Is there already evidence of Bird Strike in the Thames estuary?
Since 1941 the estuary seen at least 4 deaths that could be attributed to bird strike and to this day they remain unexplained.
Amy Johnson the celebrated aviator, first woman to fly solo from Britain to Australia, died in suspicious circumstances on 5th January 1941 after crashing into the Thames estuary in adverse weather conditions. It is reported that there was a passenger traveling along with Johnson on board the “Airspeed Oxford”. The precise reason for the fight is still a closely guarded government secret.
An attempt to save the couple was made by Lt Cmdr Walter fletcher of HMS Haslmere, sadly all three lost their lives in the unforgiving waters of the estuary.
In an interview with the Late George Jewell, then a tall, sprightly 81 year old gentleman who was often seen strolling through the village of High Halstow, with his dog ‘Honey’. Among his fond memories is a photo taken in the Summer of 1946, less than a year after the end of the 2nd. World War. It shows him as a strapping 20 year old farm hand, with other farm hands, land army girls and German prisoners of war, harvesting on the North Kent marshes. They were all working for Hill Farm (now Hill Farm Close, Christmas Lane) the photograph being taken by their boss, Brian Rayner.
But the peace of their warm, happy, summer’s labour was shattered by a supersonic bang, and a startled George Jewell, looking up to the sky saw the tragic demise of a graceful swallow. For the booming explosion was the end of a Dh108 Swallow, and its pilot, Geoffrey deHavilland (Chief Test pilot for his father, aeroplane designer Sir Geoffrey deHavilland) George describes seeing pieces of this experimental jet plane disintegrating upwards and outwards like an exploding jig saw puzzle and watching horrified as one entire wing spiralled down into the estuary.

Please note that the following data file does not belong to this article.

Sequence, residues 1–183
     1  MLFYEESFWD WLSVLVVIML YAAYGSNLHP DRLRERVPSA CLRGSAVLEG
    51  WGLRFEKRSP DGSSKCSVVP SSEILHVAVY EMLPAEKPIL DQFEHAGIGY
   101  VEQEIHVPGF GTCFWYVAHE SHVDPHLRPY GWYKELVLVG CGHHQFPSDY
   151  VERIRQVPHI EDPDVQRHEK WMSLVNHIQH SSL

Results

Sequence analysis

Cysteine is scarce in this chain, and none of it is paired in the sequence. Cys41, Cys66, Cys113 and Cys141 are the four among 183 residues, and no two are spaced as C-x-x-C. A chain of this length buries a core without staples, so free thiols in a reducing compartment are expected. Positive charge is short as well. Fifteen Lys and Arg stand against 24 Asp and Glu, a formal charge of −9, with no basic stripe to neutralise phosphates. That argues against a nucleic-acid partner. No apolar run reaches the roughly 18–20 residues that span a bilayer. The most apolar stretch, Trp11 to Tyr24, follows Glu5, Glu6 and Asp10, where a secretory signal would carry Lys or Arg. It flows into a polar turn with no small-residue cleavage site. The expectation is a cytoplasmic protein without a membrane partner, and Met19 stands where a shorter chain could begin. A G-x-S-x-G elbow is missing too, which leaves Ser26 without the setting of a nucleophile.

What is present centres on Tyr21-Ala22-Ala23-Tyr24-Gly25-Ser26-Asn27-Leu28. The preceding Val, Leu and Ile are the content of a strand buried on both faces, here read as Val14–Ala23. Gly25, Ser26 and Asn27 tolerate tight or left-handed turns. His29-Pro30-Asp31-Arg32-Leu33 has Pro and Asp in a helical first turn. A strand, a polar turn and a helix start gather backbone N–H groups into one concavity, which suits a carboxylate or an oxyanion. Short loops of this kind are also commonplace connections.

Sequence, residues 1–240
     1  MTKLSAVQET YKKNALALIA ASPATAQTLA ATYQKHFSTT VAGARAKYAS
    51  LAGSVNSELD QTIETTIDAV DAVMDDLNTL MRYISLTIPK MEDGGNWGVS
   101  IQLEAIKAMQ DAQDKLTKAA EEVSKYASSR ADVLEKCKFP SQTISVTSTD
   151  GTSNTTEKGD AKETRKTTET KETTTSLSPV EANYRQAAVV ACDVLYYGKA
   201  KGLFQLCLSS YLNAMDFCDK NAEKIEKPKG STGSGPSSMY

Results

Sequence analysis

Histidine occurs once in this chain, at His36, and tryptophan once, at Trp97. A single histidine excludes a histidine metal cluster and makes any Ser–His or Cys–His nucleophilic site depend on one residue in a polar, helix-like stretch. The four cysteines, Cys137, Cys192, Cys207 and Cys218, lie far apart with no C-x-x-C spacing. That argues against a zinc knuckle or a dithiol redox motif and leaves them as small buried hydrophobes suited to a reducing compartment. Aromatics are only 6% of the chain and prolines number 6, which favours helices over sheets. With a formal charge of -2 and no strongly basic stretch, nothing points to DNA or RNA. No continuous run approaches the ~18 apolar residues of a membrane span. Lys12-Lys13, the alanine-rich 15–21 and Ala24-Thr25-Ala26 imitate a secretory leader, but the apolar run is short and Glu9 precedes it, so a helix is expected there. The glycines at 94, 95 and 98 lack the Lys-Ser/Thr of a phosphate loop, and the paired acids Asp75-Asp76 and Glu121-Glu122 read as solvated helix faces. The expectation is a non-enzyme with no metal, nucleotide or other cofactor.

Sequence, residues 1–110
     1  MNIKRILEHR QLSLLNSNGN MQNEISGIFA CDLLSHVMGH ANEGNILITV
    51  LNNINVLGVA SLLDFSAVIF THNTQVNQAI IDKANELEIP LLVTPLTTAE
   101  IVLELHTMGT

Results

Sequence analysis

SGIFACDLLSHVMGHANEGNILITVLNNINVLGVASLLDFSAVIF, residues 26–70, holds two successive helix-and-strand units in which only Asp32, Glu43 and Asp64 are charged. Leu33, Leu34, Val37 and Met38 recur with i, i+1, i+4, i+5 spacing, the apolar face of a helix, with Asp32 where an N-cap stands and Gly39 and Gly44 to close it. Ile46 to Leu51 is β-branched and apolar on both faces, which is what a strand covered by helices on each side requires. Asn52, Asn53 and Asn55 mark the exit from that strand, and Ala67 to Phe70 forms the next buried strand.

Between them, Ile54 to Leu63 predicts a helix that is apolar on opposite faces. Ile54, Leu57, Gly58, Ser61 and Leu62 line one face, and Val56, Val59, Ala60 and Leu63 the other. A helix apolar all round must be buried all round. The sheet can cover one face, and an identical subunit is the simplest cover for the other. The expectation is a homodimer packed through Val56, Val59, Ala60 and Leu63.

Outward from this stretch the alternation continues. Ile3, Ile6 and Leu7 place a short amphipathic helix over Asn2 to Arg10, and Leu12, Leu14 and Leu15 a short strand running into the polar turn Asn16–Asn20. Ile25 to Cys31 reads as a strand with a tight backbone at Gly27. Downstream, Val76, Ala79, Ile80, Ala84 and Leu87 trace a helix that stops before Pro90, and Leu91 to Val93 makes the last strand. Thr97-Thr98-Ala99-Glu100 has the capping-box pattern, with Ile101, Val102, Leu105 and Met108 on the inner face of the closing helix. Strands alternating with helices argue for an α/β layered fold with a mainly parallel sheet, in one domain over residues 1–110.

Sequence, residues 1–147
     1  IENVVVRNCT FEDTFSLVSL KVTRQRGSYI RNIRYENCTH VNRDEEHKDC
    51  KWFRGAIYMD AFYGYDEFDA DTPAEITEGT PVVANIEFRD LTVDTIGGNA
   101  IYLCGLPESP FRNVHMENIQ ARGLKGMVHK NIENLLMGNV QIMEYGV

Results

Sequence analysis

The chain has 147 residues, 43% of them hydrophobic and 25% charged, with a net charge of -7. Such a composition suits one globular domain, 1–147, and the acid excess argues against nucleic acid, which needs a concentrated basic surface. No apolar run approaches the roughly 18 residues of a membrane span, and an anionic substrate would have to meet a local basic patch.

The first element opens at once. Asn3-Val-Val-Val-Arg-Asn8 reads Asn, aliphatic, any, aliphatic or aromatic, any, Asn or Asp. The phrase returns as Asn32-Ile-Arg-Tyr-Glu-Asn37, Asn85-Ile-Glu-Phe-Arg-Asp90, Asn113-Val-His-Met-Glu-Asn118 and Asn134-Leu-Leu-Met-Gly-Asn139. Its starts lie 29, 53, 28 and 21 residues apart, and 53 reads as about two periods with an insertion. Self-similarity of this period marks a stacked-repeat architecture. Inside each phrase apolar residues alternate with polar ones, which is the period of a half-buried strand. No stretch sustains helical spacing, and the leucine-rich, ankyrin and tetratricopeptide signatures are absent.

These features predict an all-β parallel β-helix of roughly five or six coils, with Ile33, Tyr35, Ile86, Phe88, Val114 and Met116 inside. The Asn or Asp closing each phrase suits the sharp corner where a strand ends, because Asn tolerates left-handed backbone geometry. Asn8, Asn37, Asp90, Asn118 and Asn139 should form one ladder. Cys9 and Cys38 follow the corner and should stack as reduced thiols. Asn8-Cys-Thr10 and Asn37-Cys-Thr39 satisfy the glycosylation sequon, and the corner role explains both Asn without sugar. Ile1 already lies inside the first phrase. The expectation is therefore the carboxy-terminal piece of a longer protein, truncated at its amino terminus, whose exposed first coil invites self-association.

The Dh108 Swallow, which was designed with experimental swept back wings, was the first turbo jet to reach mach 1, the speed of sound, and the supersonic boom as this was reached was both the death knell of its brave young pilot and the very first time such sound was heard over Great Britain, and of course, High Halstow. There were only three of these experimental aircraft ever built, the first taking to the skies on the 15th May, 1946. The first two crashed during trials but the third was more successful for Group Captain ‘Cats Eyes’ Cunningham flew it to become the first pilot to break the speed of sound, in a turbo jet, and live. Our children might well blame the late Group Captain Cunningham for being made to eat carrots, as their great grandparents will no doubt explain. The Dh108 was a prototype of design for the Nimrod aircraft and the ill fated Comet.
Since the death of Amy Johnson some 71 year later and to the day nothing here on theNorth Kent marshes has changed least not the bad weather Charles Dickens once described the estuary as a “ .. distant savage Lair from which the wind was rushing was the sea..” In 2004 Alistair Darling said In a written statement to the House of Commons, “Even with world class management in place, the hazard proposed by birds is severe and would probably be higher than at any other major UK airport.”
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